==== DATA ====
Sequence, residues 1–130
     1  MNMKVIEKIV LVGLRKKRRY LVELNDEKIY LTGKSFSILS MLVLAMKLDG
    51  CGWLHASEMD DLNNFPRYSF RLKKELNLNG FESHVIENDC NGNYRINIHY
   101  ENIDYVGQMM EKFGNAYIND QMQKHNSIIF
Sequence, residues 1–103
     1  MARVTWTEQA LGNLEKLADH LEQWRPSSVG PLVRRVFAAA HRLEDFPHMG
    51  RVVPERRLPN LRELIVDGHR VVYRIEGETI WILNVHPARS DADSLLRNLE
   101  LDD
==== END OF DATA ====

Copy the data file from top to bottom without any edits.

Sequence, residues 1–130
     1  MNMKVIEKIV LVGLRKKRRY LVELNDEKIY LTGKSFSILS MLVLAMKLDG
    51  CGWLHASEMD DLNNFPRYSF RLKKELNLNG FESHVIENDC NGNYRINIHY
   101  ENIDYVGQMM EKFGNAYIND QMQKHNSIIF
Sequence, residues 1–103
     1  MARVTWTEQA LGNLEKLADH LEQWRPSSVG PLVRRVFAAA HRLEDFPHMG
    51  RVVPERRLPN LRELIVDGHR VVYRIEGETI WILNVHPARS DADSLLRNLE
   101  LDD